Last month I shared Rabbi Meir Muller’s belief that children need (metaphorical) mirrors, windows, and sliding glass doors in order to meaningfully construct knowledge about their world from their experiences. This hews to the theory of constructivism, which posits that one does not – in fact often cannot – learn directly from another. Information can be shared but knowledge cannot be given. Knowledge must be constructed from one’s own experiences and by actively engaging with those experiences, turning them over in one’s mind, making connections, and finding new meaning. Constructivism is a theory of learning, not of teaching.
Rabbi Muller explained that there are four key factors in constructing knowledge, which relate back to his mirrors, windows, and sliding glass doors. (To recap: with mirrors, children see themselves in their experiences and therefore give import to those experiences; through windows, children see opportunities to apply their learning to new situations; by going through sliding glass doors, children engage with the bigger world and test their knowledge.)
In the first key factor to constructing knowledge, leaners must have hands on experiences and be able to internalize those experiences before they can truly learn. Hands on experiences are often sensory in nature and must involve the whole child. Children must engage authentically with their world and feel true emotions for real learning to take place. For example, we need to be careful that we don’t inadvertently give children the impression that the Torah is a lightweight, fuzzy, soft, blue and red toy that can be dropped on the floor. In order for children to really learn what the Torah is and what it represents they need to engage with a real Torah in an authentic way.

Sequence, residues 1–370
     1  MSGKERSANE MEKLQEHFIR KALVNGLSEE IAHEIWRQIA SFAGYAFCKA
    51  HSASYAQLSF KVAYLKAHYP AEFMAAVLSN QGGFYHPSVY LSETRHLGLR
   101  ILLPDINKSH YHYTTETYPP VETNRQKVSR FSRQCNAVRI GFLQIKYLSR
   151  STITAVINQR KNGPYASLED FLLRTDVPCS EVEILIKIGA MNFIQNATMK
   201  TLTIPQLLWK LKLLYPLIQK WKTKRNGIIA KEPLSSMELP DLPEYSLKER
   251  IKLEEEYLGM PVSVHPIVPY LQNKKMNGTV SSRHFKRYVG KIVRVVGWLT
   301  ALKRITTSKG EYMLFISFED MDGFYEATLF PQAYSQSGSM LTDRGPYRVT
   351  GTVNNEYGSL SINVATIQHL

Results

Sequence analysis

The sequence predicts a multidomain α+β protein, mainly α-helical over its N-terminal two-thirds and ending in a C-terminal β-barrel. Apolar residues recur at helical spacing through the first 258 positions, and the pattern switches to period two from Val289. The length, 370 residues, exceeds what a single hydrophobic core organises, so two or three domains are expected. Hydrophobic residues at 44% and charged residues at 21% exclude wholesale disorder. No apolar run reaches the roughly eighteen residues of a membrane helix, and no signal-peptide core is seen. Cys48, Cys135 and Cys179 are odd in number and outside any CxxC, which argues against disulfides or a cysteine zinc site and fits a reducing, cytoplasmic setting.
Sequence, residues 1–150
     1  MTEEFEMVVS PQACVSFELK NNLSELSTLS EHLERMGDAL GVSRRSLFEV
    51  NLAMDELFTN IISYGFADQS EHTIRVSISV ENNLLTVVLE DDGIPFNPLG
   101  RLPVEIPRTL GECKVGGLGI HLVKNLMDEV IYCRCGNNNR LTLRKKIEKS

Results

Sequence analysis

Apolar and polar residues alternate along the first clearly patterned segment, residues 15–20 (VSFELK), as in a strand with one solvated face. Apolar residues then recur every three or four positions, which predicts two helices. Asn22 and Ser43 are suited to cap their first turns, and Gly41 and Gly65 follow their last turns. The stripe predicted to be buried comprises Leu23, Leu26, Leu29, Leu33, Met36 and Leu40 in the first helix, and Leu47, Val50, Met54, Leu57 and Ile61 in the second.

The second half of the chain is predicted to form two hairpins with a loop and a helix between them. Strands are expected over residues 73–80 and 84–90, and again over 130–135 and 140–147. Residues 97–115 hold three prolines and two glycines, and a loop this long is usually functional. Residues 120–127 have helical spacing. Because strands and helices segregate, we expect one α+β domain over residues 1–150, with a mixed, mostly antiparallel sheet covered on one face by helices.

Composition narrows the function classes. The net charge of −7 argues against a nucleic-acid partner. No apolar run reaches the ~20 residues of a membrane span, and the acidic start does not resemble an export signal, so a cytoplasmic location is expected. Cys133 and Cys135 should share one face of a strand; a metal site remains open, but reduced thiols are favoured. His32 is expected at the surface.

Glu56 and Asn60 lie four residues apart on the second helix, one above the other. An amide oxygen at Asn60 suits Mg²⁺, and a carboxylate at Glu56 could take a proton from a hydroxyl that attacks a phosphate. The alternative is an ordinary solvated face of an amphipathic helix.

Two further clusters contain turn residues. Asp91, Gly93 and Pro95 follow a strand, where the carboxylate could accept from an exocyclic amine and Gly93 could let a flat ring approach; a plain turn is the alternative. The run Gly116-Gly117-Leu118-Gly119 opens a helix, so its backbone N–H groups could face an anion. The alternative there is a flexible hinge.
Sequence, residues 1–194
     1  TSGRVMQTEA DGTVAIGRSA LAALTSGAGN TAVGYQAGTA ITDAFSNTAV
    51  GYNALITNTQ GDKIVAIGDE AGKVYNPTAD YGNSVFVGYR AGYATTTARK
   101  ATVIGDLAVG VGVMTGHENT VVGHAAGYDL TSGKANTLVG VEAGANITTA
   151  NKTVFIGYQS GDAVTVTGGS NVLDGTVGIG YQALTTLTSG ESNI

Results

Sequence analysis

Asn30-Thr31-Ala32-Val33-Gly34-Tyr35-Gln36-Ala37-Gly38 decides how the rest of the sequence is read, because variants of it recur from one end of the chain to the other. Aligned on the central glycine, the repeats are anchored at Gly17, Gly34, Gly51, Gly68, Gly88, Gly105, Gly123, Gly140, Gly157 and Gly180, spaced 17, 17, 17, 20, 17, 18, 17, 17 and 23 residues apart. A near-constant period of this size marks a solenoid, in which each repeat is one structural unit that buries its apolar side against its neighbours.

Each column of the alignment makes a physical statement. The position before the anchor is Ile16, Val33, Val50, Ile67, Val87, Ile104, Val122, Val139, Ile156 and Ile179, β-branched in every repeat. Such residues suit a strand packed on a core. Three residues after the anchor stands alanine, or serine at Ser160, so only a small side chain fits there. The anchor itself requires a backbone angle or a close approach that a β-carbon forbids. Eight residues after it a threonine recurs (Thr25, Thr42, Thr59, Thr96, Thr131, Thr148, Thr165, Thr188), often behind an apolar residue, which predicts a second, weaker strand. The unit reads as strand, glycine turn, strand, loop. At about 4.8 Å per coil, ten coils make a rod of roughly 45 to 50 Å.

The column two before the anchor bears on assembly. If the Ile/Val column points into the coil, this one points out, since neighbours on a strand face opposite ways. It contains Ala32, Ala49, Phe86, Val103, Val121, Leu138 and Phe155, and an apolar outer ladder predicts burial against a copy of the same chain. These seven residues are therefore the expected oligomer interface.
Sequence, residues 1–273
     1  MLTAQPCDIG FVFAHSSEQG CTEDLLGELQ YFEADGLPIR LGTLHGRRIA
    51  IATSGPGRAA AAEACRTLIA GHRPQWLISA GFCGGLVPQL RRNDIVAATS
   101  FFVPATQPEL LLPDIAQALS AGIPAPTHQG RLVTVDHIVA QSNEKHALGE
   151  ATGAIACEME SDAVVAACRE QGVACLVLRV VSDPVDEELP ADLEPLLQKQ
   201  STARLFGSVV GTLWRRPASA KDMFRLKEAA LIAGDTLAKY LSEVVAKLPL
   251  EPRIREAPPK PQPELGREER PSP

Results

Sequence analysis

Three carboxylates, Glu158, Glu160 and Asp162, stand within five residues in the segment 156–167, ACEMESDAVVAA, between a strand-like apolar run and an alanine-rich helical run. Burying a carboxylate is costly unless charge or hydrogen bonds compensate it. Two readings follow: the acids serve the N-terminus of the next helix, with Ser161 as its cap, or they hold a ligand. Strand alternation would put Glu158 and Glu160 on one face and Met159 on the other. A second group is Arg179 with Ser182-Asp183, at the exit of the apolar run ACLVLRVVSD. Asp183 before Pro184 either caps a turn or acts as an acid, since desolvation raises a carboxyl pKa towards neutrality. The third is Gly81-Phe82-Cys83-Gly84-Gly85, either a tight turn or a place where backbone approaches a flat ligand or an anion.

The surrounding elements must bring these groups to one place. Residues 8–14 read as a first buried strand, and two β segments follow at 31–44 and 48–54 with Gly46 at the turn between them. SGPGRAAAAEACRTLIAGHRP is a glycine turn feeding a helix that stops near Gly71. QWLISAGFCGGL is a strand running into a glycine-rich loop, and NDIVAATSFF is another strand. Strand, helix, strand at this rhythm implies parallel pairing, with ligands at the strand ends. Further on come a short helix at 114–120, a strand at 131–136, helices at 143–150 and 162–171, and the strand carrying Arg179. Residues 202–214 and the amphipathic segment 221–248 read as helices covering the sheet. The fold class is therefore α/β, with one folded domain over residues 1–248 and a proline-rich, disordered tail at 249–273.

The second key factor is the hardest to provide, only because our rushed world is always pushing us to do more, faster. The factor is time. Children need time, lots and lots of uninterrupted time, to explore their world. They need time to notice how their world changes when just one tiny variable is added or taken away. They need time to build on what they’ve processed the day or week before. They need time to suss out why something is the way it is or works the way it does before a well-meaning adult jumps in to offer a little “help.”
This doesn’t mean adults have no role to play in the constructivist classroom. Social interactions are the third key factor. One way children construct knowledge is by learning from someone else something that they could in no way have gleaned for themselves. A good way to understand this is to think of a technology that is no longer in use in today’s world. Without the practical experience associated with that technology, we really can’t know or understand what it once did. Would a child growing up with iTunes be able to make sense of a gramophone?
Finally, passion and wonder are required in order for children to construct knowledge. Without that inspiration to know more, to ask “why,” sometimes over and over again, there will be no learning. That doesn’t mean it’s on us to make sure our children are always interested and entertained. Instead it means that we shouldn’t quash children’s innate curiosity by thinking it’s our job to directly teach them everything they need to know. If we trust our children, they will show us what they are ready to learn.